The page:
Back to chrysophase. I emailed my Czech friend and this is the correspondence, with only the personal bits edited out.

ME

It's my turn for some help. I've become interested in collecting glass and have joined a glass message board to widen my knowledge. Anyway there is a big debate  (who made it and when) about a Czech glass vase with a label on it that says Chrysophase and Czech. Does the word mean anything to you? Have you heard it used as a brand name or in connection with glass ware? I can guess the lingistic roots of the word from an English point of view, but I was just wondering about it from a Czech viewpoint.

JOSEF

Chrysophase is not a Czech word and i have never heard it in connection with glass ware. Chrysophase is chrysoprase in English. In Czech we call this variety of Chalcedony chryzopras. I'd  guess the vase is apple green. Chryzopras used to be mined in Bohemia. It was used for decoration of chapels in Bohemia in the 14th century.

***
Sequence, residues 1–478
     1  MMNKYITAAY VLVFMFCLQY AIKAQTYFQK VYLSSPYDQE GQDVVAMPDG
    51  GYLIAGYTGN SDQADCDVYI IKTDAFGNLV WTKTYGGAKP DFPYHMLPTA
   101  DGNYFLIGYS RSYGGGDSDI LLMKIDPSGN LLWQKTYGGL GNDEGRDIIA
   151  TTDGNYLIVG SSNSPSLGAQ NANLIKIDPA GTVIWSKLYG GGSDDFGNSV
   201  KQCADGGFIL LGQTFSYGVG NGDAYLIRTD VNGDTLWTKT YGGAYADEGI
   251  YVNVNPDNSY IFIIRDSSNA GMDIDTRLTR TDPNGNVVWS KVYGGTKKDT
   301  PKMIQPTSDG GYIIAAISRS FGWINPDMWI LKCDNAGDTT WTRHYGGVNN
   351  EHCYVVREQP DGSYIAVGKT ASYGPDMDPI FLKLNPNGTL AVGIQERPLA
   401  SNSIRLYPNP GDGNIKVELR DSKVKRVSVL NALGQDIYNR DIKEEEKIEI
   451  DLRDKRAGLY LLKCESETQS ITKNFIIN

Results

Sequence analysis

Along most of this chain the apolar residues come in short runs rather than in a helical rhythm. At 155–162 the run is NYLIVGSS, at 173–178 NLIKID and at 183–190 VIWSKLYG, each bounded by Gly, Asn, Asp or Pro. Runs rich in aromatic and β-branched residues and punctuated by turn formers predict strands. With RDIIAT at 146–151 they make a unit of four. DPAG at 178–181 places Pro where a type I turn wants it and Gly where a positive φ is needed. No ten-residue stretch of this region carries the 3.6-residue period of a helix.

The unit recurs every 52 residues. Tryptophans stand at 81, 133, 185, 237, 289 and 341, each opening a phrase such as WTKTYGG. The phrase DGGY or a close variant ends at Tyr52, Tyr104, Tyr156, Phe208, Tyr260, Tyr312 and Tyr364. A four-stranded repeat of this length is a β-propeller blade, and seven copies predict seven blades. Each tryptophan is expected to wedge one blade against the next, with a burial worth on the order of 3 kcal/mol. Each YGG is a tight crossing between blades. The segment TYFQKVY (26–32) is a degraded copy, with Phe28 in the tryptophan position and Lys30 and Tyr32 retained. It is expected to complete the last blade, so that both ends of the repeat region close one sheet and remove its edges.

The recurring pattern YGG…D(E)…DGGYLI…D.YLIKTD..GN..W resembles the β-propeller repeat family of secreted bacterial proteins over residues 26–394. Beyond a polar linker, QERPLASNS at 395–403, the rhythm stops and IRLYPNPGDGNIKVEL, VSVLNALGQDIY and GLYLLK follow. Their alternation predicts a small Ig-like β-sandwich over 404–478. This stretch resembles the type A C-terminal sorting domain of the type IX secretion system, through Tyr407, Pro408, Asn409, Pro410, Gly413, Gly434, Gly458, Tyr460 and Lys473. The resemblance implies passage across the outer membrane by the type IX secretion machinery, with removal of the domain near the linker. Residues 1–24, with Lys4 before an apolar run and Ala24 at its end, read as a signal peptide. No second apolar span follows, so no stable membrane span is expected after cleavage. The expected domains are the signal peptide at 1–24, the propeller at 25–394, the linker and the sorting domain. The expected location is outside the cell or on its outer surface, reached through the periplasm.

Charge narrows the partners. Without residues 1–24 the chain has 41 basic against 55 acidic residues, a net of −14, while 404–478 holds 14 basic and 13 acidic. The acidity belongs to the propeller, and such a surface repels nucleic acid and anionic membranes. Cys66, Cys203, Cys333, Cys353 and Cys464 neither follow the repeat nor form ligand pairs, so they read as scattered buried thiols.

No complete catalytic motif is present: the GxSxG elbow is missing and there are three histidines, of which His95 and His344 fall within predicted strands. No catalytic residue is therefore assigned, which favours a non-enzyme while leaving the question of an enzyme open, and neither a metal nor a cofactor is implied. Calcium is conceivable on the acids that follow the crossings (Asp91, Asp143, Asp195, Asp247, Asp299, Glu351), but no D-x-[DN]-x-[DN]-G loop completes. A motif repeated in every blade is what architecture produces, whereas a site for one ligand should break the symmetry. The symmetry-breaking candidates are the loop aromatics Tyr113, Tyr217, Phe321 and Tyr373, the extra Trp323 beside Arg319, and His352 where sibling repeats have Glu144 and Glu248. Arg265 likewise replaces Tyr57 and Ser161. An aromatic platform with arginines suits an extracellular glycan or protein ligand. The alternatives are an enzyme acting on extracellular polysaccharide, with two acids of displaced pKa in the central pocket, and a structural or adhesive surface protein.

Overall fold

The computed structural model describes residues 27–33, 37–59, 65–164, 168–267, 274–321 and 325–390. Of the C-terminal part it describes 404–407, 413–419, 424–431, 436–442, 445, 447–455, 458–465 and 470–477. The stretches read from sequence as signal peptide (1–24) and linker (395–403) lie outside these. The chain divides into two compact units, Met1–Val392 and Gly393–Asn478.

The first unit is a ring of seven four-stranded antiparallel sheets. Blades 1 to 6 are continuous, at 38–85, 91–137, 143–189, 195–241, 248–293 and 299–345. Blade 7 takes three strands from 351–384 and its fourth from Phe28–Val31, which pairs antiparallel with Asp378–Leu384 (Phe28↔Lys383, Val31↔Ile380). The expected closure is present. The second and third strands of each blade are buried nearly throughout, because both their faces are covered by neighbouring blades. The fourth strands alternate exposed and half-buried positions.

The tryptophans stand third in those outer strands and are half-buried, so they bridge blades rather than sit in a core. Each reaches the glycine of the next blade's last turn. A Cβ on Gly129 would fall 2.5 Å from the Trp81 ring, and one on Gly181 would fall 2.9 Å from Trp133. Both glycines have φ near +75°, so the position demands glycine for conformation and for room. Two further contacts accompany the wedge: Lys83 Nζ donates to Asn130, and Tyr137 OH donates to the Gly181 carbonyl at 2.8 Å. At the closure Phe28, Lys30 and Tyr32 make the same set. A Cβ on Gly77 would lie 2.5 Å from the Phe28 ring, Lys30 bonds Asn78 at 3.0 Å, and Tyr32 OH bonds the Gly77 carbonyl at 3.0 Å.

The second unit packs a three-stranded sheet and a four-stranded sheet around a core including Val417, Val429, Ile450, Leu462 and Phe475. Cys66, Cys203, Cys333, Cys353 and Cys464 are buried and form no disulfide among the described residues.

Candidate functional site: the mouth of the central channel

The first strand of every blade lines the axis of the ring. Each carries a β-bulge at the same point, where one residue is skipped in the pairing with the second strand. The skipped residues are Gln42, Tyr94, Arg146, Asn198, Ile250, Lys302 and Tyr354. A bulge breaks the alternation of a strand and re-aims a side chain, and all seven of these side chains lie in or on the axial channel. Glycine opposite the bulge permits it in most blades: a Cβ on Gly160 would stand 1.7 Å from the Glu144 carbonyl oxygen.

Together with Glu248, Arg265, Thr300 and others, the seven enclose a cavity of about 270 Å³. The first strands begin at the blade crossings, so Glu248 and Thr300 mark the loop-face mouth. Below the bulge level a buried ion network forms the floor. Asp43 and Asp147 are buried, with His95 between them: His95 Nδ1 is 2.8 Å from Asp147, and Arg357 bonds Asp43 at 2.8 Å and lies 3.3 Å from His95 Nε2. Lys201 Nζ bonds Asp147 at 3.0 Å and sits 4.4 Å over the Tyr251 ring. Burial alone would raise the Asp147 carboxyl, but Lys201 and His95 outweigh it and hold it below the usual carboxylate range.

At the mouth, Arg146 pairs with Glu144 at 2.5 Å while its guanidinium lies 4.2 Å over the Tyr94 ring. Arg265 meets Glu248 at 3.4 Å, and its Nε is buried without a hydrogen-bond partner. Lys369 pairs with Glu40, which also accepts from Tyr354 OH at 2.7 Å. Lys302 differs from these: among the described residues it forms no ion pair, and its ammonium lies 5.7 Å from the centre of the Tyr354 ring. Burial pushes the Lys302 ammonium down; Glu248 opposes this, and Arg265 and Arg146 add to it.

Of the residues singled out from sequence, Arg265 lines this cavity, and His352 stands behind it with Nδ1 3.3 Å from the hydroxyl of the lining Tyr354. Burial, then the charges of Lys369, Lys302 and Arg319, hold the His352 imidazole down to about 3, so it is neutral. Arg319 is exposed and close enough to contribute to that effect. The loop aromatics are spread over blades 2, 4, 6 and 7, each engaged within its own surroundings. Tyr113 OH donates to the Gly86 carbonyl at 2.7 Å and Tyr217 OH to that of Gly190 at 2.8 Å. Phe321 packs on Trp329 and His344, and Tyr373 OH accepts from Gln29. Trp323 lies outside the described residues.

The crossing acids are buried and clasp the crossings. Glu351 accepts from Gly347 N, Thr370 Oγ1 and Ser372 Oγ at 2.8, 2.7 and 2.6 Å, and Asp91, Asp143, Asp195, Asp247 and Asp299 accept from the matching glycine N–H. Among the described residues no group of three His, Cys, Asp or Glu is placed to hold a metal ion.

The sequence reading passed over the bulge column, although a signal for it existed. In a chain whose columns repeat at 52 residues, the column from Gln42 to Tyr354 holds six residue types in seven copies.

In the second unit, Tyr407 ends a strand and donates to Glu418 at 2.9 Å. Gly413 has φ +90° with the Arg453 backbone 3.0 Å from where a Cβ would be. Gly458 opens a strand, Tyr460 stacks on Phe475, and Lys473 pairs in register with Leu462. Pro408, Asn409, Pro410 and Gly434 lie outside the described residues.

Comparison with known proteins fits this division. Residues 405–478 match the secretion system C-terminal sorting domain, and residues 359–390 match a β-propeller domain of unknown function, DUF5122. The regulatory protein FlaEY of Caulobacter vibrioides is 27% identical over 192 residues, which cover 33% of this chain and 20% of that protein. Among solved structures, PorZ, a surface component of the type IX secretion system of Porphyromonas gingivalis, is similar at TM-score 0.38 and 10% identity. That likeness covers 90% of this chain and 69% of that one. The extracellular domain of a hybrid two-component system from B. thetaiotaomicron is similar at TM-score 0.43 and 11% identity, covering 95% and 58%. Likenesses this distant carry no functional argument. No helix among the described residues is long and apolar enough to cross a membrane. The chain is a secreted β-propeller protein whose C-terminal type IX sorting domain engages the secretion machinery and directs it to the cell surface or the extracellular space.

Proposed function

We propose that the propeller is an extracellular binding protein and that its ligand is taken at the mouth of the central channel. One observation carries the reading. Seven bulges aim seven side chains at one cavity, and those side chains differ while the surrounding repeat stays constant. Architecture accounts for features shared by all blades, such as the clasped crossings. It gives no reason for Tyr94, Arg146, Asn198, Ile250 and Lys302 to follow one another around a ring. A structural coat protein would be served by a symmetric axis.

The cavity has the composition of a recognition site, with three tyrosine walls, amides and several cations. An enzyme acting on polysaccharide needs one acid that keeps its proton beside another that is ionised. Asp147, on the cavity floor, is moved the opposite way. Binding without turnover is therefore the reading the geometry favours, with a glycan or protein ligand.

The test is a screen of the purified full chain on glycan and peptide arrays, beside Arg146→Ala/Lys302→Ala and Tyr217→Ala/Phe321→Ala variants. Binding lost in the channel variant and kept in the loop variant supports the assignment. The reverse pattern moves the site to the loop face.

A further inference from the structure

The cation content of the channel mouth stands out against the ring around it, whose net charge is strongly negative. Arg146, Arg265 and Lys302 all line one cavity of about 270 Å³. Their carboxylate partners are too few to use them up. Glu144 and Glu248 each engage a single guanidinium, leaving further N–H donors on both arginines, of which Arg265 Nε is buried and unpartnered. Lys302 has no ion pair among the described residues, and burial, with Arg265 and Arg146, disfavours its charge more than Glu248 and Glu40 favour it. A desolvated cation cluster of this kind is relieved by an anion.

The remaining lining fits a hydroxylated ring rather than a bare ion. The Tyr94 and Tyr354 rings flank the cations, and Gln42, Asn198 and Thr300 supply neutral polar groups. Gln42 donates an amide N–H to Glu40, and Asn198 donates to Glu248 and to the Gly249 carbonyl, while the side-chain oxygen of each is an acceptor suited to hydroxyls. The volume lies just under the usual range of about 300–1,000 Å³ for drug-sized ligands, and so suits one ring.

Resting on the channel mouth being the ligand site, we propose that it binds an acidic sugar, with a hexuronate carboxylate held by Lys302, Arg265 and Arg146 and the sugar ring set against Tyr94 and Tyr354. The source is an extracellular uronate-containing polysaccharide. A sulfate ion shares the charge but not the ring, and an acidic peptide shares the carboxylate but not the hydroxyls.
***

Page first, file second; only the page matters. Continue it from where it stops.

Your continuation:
I was trying to find Chrysophase on the Czech Internet with no result. I have never heard it used as a brand name. If the vase is green i'd guess that the manufacturer used the word in order it would sound more attractive.

The answer doesn't get us any further but it was worth trying


Offline Frank

  • Author
  • Members
  • ***
  • Posts: 9128
  • Gender: Male
    • Glass history
    • Gateway
Czech Chrysoprase Glass - who made it
« Reply #12 on: January 29, 2006, 10:22:28 AM »
These also come in pastel blue and pastel pink.
Frank A.
Please help preserve glass web-sites for posterity by donating to The Glass Study Association a non-profit organisation.
Scotland's Glass - Ysart Glass
Glass Zoo - Glass Study.COM
Commercial Czech


Offline Ivo

  • Author
  • Members
  • ***
  • Posts: 7228
  • Gender: Male
    • old website
Czech Chrysoprase Glass - who made it
« Reply #13 on: January 29, 2006, 11:45:29 AM »
Chrysoprase is the opaque Annagreen colour developed by Baccarat in 1848 and I do not think it was produced in great quantities.  Very easy to misspell for english speakers.